However, after sucking it up, drafting a letter, and sending it off, I’ve found the process of raising funds to be not as terrible as I’d originally thought. Asking for financial help is humbling, and I’m sure someone as self-reliant as I could use the humility. The encouragement I’ve received is worth the process. What touches me most is not the amount donated (as many of the people in my community are not wealthy and any amount given is a meaningful gift), but the time that’s taken by those who do donate to follow up, ask questions, and commit to pray for me. These people are truly interested and excited to see I have this wonderful opportunity – they want to know about where I’ll be, what I’ll be doing, and so many other details. All these people want to be involved because they care about me and the plans God has for me. The reminder of that makes my initial misgivings seem like small prices to pay for the stream of encouragement that is continuing to flow my way.
Olivia Rolando blogs…
Fundraising. That word instantly elicits anxiety in me. Maybe the anxiety stems from “the fear of the unknown,” admittedly having never directly fundraised for a personal project like, in this case, the Siloam Medical Immersion. I originally saw the Siloam Institute’s paragraph on committing to fundraising in their application for the SMI. Despite every inch of me doubting that I could successfully reach the financial goal, I signed the application acknowledging that I would be reaching out to people for support. What I didn’t realize at the time, is that facing this fear would bring clarity regarding “support” and a reinstallation of my sense of the “good” in this world.
Having already reached out to others, I have now realized that fundraising is not about gaining financial means to serve others. Fundraising meant to reach out to others to gain their commitment and support of your personal mission. This meant that they also saw value in the journey, the SMI, I had committed to, and wanted to be able to provide the foundation for me to do everything I can to competently serve others. I have been awed by the immense outpouring of love from those who support me, in any form. Sometimes this world can present tragedy, confusion, and pain. Yet, my commitment to serving others, and in turn the most generous support from some of the most amazing people, have truly renewed my faith in the greater good.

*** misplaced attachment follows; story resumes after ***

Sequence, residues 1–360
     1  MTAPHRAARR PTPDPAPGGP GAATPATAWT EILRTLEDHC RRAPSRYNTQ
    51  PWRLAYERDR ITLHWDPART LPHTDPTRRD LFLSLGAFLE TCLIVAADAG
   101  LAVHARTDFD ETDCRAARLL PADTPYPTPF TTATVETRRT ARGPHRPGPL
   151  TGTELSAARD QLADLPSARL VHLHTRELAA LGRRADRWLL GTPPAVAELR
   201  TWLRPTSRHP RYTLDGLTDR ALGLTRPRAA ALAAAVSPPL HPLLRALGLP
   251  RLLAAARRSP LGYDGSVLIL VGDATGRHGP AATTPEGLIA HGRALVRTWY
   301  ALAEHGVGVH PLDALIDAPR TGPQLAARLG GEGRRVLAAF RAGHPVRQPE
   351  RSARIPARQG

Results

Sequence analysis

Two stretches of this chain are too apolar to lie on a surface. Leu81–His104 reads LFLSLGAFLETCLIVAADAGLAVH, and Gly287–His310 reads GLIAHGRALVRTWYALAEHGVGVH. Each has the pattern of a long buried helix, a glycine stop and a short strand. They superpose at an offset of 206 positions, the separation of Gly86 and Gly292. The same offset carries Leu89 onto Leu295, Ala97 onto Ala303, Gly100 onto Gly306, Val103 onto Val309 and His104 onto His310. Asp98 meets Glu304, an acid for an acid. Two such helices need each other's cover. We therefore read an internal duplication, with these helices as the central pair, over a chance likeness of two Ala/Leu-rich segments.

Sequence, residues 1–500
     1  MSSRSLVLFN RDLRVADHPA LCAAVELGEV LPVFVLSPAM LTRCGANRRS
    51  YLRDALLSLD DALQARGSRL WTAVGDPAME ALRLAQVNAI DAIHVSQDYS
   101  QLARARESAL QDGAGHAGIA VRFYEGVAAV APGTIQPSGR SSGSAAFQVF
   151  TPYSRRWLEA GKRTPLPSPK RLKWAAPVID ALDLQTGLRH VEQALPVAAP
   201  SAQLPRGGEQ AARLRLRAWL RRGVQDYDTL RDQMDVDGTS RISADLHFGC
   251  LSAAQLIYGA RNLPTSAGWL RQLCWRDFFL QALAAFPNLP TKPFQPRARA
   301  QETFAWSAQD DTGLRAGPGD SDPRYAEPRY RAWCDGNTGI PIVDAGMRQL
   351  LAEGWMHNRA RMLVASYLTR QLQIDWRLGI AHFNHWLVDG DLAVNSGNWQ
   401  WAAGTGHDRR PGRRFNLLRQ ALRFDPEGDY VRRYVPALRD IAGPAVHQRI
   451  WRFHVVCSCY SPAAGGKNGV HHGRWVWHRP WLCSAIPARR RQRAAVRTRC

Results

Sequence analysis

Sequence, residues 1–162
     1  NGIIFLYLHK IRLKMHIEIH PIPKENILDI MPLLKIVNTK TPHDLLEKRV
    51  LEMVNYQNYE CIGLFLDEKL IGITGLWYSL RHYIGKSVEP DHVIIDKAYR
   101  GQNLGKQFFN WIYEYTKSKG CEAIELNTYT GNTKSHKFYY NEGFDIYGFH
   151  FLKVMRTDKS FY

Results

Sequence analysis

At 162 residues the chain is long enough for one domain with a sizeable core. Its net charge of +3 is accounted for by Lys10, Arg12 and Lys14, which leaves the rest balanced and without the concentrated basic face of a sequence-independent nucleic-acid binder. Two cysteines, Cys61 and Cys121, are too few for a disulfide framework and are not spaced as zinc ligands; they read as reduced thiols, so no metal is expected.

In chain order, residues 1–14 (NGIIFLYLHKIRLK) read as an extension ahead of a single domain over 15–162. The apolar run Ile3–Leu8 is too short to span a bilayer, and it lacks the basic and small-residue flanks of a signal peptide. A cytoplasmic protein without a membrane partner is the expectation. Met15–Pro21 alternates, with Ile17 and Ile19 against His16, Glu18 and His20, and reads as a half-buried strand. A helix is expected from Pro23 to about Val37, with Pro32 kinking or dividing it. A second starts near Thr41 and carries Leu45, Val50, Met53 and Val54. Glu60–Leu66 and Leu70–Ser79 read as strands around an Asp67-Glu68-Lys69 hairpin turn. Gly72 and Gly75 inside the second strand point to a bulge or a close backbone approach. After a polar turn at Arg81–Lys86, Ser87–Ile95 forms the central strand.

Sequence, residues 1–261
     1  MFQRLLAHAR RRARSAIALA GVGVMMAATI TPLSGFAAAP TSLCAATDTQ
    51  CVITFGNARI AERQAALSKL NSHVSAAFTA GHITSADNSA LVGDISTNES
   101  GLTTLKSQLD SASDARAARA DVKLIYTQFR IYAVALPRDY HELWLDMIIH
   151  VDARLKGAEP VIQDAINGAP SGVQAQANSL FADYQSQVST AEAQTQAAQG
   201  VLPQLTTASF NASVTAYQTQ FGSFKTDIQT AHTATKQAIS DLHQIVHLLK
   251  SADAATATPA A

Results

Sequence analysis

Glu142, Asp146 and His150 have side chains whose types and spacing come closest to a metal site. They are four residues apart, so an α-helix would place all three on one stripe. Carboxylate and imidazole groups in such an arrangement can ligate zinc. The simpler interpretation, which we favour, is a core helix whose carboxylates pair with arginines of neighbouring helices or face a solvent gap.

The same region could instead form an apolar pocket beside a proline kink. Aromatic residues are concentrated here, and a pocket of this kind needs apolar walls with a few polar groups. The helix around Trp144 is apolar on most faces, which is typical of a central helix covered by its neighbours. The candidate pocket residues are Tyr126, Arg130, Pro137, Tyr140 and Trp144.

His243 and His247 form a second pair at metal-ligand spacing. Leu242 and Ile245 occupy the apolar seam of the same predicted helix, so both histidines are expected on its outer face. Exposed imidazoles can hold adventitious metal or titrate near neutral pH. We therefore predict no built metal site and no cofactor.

God is working through this project to bring four students together, all with support, to work on one common mission: to not only reach out to those of the greatest need, but to all that we come in contact with. God will provide the means for us to reach these fundraising goals; He wants us to be able to have this encounter. I know our journey will continue to be a reflection of God, as I have already noted thus far, and that grace will continue to guide and surround this mission.
For now, I pray that everyone involved in the SMI will continue to gain the support that God has willed. I know I can sense as if another set of hands is being laid in support on my back each time I find someone interested in what I’m working towards. This provides the confidence to move forward to persevere challenges ahead and the affirmation that many are there to be with you through the ups and downs of this set journey. Needless to say, the anticipation is killing me! I’m ready to take on the humidity and work with both my hands and heart. As always, 1 Thessalonians 5:25, Brothers, pray for us.